Estate Planning for Small and Medium-Sized Business Owners

We are all aware of estate planning, and the need for estate planning. This is especially true if we have minor children. However, estate planning is important for everyone if you own any assets, have children, or want to have control over whom your property will be distributed to upon your death. If you do not have a plan, your property may not go to whom you might expect (and in some circumstances could end up with the State!)

When you own a small to medium-sized business, it is even more important to have your estate planning in place.

Many people think of estate planning as having a living trust, a will, powers of attorney, and living will. However, when you own a business, there are a number of other important items that you must approach and ensure is planned out for your children and loved ones.


  1. Your Business is an Asset


You may not think so, or even realize it, but your business is an asset. It is also an asset that will need to have its value determined if you do no planning prior to your death in how that asset will transfer to your business partners, to a family member, or to an outsider.


Let’s say you own a business with your business partner and you engaged in no estate planning, no business planning, and never saw the purpose in engaging general business counsel to help and advise you with your business. Then, let’s say you die owning a 50% ownership in the business. Your loved ones take your Will to the attorney to have your estate probated. The attorney informs you that there will need to be a business valuation of the business. As it turns out, the business is worth $4 million.


The surviving business partner believes the business is 100% his business now. However, your family members believe, according to the will, that 50% transferred to the spouse and surviving children.


Because you didn’t plan, your former business partner is forced to purchase the 50% ownership in the business worth $2 million from the estate.


Proper Business succession planning and estate planning could have planned for and prevented this scenario.


  1. How to Plan the Succession of Your Business


There are a number of ways to plan the proper succession of your business to the next generation. Perhaps you want to sell the business and retire to an outside buyer, maybe you want to sell your business to the employees in the form of a stock ownership program, or maybe you want to sell your share back to the existing business partners when you retire or pass away. No matter what you have in mind, you need to speak with a good estate and business attorney who would discuss the issues involved and help you accomplish your goals.


  1. Income Exit Strategies from the Business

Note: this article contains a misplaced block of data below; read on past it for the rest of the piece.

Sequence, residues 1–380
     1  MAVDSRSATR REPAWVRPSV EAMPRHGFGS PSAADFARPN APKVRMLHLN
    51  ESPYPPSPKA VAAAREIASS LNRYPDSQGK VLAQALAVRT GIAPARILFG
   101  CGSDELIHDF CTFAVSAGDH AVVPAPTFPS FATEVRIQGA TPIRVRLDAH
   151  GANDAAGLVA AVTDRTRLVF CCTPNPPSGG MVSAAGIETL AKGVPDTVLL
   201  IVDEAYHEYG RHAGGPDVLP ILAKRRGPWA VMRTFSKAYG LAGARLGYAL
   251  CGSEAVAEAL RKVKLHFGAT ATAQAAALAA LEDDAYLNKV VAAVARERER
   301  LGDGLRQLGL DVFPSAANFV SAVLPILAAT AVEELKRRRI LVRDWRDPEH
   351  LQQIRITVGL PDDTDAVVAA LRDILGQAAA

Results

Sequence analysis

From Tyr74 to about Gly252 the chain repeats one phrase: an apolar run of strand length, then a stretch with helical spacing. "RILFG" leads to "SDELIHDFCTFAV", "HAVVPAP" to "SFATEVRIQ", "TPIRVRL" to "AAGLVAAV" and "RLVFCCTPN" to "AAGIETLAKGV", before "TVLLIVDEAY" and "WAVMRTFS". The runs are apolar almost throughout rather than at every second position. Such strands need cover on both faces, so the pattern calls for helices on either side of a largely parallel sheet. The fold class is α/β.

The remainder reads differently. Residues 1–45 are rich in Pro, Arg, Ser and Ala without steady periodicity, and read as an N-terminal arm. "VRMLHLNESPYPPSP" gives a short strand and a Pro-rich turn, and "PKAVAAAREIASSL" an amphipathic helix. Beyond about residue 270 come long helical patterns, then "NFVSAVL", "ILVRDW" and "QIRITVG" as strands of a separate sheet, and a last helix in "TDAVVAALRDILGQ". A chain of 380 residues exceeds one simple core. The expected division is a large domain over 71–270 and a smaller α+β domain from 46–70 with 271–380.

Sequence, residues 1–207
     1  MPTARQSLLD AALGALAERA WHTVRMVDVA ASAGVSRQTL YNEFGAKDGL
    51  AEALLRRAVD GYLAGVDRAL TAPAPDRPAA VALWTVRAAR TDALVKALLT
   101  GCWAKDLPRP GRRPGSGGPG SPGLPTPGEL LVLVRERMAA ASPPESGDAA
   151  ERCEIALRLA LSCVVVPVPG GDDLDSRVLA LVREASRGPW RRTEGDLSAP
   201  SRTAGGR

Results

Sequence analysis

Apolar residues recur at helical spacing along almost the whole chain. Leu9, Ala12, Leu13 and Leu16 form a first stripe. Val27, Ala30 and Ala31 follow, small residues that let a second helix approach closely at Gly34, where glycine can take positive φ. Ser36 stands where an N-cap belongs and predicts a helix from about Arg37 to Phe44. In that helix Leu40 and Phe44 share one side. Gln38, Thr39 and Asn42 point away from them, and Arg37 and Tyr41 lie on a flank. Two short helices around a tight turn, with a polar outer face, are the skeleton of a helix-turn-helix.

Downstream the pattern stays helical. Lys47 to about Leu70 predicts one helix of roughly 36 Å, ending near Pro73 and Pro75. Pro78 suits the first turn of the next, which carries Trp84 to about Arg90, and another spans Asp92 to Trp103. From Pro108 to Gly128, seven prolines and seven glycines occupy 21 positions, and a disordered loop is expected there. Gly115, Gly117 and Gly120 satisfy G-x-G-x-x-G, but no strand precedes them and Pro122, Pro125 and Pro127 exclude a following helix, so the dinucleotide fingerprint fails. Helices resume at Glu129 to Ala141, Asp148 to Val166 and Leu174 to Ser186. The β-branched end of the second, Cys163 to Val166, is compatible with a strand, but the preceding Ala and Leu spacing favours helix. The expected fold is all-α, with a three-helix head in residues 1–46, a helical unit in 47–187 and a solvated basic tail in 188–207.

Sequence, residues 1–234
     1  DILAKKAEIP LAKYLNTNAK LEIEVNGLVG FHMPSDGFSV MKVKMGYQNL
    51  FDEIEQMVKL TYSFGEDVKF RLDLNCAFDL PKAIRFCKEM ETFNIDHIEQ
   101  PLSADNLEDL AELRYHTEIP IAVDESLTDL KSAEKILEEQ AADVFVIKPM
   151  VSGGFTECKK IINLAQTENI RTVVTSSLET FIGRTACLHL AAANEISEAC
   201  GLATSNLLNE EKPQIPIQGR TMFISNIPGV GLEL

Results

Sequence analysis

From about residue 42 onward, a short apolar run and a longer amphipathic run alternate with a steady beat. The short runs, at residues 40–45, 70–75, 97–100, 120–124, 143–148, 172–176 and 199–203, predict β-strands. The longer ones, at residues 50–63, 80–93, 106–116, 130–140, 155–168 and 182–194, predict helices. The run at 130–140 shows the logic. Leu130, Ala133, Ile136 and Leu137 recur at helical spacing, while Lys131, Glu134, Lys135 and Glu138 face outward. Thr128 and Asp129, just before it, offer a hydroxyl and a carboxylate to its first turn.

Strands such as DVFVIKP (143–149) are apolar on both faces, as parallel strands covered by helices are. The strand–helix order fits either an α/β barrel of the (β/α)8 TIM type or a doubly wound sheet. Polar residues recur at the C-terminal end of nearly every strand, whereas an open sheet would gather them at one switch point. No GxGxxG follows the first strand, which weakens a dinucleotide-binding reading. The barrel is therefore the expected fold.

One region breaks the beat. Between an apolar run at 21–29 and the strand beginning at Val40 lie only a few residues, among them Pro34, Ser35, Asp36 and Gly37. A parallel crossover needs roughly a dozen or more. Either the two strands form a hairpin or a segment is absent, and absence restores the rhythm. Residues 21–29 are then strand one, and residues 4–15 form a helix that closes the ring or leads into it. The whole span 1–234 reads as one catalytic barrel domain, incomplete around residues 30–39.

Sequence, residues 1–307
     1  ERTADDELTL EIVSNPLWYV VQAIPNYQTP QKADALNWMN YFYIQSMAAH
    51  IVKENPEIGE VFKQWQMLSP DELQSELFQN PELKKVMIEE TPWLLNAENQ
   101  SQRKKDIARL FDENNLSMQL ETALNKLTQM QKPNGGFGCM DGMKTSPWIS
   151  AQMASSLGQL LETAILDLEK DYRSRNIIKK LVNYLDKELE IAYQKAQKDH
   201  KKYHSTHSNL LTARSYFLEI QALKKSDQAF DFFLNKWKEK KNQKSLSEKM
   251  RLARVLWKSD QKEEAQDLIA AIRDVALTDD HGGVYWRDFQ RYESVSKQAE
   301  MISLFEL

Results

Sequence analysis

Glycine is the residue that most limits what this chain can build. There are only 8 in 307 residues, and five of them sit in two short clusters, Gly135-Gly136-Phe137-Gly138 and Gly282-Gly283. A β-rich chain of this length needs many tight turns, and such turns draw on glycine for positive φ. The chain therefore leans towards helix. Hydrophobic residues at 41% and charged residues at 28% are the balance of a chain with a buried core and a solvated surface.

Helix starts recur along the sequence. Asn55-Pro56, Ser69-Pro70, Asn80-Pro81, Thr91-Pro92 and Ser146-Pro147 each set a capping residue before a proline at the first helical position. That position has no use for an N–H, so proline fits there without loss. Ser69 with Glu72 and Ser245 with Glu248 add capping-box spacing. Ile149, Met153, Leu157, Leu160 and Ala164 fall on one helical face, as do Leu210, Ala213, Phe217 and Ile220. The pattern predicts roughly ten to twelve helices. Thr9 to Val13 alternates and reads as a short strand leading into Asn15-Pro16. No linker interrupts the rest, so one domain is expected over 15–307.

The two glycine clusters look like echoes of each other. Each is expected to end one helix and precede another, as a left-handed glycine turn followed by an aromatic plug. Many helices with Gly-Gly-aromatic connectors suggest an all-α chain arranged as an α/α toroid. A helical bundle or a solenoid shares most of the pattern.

No matter how and in what manner you wish to step away from your business, choosing the proper manner can have lasting tax consequences. There can be substantial tax consequences depending upon your decision. For instance, whether you choose to complete an asset sale, a stock sale, an employee stock ownership plan (ESOP), or an installment sale with an owner-financed note, each decision will have a different tax consequence. It is important to discuss these issues with a business attorney who will also advise you on the tax consequences to develop a plan for the most tax advantage sale scenario.


  1. Special Considerations When It’s a Family Owned Business


There are especially important considerations when it’s a family owned business. First, it can be sometimes a more delicate situation when deciding how to transition your business to the next generation. In addition, to navigating often complex family dynamics, you must consider the long-term future of the business with proper business training for the next generation. Second generation businesses have an incredibly high failure rate, and third generation businesses are even higher. It is not just the legal and tax matters that a business attorney should help you with, but also valuable business advice and consulting on how to develop a business that will continue for generations to come, as well as grow to the next level.


If you are a Tennessee business owner and you know that you have put of estate planning long enough, please give us a call at (615) 472-2482 or fill out the contact form to the left of your screen to schedule an initial strategy session to discuss how to protect your business and how to protect your family.

Daniel A. Perry
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Focused on helping seniors, individuals with disabilities and small business owners make informed decisions.
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